6 strategies for cloud computing security


April 12, 2018

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There are two sides to every coin, and nowhere is that more evident than on your cloud server. The exact same attributes that make cloud storage servers so cost-effective and convenient also make them much more difficult to secure.

In the cloud, maintenance and upgrade management falls entirely to your cloud hosting provider. On one hand, this frees up internal resources, meaning less time (and money) is spent on routine maintenance. On the other hand, you don’t have control over server configurations and upgrades, which could spell trouble where your business security is concerned.

Similarly, the same virtualization technology that allows you to rapidly deploy new cloud servers also puts you at risk for data breaches and other cybercriminal events. In cloud computing, physical servers are split into virtual machines, which means other organizations could theoretically access the data stored on them—especially if your provider is lax with security controls.

These issues highlight just how diligently business IT support teams must work to secure cloud storage servers and databases. Beating hackers at their own game requires robust, thorough security strategies like those described below.

End-to-end data encryption

Implementing encryption solutions is one of the most crucial moves you can make to protect your data from leaks and ransomware attacks. Most cloud storage services automatically encrypt data while in transit; however, once that data is saved to your cloud server, there’s no guarantee that it’s secure. And even if a third-party cloud storage service does encrypt the data stored on its servers, the company ultimately holds the key to that information, not you. In other words, if that third party is compromised, your data could go down with it.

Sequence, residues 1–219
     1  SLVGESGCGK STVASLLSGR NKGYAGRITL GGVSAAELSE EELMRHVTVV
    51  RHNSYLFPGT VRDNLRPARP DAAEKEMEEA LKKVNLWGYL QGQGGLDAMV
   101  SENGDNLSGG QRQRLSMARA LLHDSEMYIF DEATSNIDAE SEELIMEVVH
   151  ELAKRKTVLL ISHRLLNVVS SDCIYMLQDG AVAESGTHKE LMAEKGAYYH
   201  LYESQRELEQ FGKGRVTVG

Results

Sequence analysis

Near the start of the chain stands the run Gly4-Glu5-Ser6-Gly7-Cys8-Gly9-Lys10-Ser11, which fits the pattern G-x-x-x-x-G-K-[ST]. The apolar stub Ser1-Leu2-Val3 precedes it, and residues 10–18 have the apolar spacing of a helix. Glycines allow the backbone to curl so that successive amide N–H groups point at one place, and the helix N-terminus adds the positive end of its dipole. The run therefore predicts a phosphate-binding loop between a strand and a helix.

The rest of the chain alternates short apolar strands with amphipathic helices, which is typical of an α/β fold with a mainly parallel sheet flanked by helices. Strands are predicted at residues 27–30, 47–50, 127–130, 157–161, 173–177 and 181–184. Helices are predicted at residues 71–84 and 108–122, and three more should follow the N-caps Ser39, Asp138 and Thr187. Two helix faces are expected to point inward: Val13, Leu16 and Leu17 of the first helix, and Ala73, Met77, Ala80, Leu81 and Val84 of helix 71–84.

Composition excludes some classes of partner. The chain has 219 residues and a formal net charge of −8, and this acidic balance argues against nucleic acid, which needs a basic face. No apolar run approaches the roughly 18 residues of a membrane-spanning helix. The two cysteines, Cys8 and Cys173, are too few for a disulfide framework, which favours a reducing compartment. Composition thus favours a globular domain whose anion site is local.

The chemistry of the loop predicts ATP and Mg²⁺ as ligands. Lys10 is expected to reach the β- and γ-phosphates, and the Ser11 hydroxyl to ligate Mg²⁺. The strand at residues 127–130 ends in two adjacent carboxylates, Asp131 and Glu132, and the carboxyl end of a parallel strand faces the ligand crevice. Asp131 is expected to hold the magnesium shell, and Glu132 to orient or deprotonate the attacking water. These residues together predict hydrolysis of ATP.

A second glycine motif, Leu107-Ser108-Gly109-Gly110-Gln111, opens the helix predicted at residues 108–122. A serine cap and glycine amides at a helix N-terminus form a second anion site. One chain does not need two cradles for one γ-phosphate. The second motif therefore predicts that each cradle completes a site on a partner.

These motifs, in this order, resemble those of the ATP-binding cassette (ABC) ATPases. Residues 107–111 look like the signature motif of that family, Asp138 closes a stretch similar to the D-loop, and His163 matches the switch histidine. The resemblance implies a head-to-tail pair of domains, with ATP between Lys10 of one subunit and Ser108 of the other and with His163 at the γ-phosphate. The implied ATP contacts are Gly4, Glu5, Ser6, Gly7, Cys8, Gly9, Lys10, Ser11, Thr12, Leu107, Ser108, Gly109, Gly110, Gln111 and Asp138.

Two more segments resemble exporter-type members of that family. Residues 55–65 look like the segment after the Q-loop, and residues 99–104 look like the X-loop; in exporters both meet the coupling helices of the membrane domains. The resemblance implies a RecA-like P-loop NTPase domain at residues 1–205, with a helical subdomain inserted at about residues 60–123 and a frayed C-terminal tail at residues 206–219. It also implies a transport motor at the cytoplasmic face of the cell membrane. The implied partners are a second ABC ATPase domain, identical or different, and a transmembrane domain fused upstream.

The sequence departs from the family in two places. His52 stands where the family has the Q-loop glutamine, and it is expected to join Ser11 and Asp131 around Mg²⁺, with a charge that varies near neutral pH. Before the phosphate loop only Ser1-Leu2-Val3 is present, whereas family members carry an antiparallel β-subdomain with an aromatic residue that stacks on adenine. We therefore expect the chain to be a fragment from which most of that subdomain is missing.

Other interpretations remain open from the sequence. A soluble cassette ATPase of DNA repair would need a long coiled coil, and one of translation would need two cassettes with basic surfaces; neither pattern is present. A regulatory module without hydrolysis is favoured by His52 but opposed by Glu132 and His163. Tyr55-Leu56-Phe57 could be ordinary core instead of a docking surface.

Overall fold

These facts make a good case for implementing some kind of encryption method before you store data in the cloud, but regardless of whether you use a cloud storage service or have a separate cloud environment, protecting your data with encryption software offers security against brute-force attacks, data leaks and ransomware. Your business IT support provider should be able to help you design an encryption technique for your cloud storage solutions—for instance, at MyITpros, we offer whole-disk encryption for our cloud services.

Secure data transfers

Keep in mind that data is not only at risk when it’s sitting on cloud storage servers, it’s also vulnerable when in transit (i.e. while being uploaded, downloaded or moved on your server). Although most cloud service providers encrypt data transfers as a rule, this is not always a given.

To ensure data is protected while on the move, make certain that transfers go through secure HTTP access and are encrypted using SSL. Your business IT support provider should be able to help you obtain an SSL certificate and configure your cloud service to use it. You may also want to install HTTPS Everywhere on all devices that connect to your cloud.


Local data backups

The cloud often lulls business owners into a false sense of security where data integrity is concerned. After all, if one of the main cloud benefits is that your data is backed up automatically, there’s no need to save it locally, right?